It’s time to mark your cards. Here’s a (by no means exhaustive) 1 to 15 of players you’d love to think are – X-Factor Judges’ Houses-style – up on the selectors’ boards right about now.

1. It immediately becomes apparent how tough this will be. Simi Pam! Katie Trevarthen! – but it’s got to be Liz Crake. The Wasps captain has been putting out staggering numbers across 80-minute performances, and thoroughly deserved to go viral with her fend and assist against Loughborough in the sixth round. I spoke to Head Coach LJ Lewis before that match, and she’s been chirping up on the dentist-come-wrecking-ball’s behalf: reminding those within the England set-up, that – although Wasps are struggling this season – Crake is producing the rugby of her career. Read our recent interview with Liz Crake on her Wasps captaincy here.

2. May Campbell is a pocket-sized force of nature, and the perfect hooker for a Saracens team who go to work with all the ferocity you’d expect from a team who dub themselves the ‘wolf pack’ and have a propensity for simply squishing defences off the back of line outs. She’s scored seven tries in six appearances, and looks an increasingly prominent leader within a side already swimming in experience. She was named in the squad for last season’s Six Nations: this could well be the year she makes it onto the pitch.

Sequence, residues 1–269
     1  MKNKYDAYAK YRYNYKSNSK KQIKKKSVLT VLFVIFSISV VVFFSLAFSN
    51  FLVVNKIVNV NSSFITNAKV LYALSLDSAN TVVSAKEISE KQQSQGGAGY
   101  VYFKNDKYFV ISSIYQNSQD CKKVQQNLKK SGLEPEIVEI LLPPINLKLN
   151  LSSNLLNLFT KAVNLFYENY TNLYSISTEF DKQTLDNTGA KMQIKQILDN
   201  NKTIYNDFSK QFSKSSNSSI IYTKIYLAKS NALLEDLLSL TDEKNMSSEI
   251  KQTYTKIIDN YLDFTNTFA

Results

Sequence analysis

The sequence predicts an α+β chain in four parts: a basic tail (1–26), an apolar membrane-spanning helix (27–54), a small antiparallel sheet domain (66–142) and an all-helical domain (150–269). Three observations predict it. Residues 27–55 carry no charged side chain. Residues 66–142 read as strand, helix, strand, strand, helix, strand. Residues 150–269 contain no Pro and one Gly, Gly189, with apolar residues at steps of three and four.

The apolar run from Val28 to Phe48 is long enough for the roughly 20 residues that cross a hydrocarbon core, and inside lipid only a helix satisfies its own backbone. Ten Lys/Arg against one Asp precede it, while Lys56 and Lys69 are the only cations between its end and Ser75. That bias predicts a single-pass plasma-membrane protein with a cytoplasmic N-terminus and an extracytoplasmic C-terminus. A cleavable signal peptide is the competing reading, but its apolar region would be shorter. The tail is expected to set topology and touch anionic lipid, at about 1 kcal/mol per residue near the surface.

3. She’s captained England U18s, she’s represented the U20s, and is surely on the senior coaches’ radars: 21-year-old Kelsey Clifford has made herself the regular tight-head within a genuinely world class pack. She was involved in all but one match of Saracens’ title-winning 2021/22 season – starting both play-off fixtures – and is right in the thick of things again this campaign.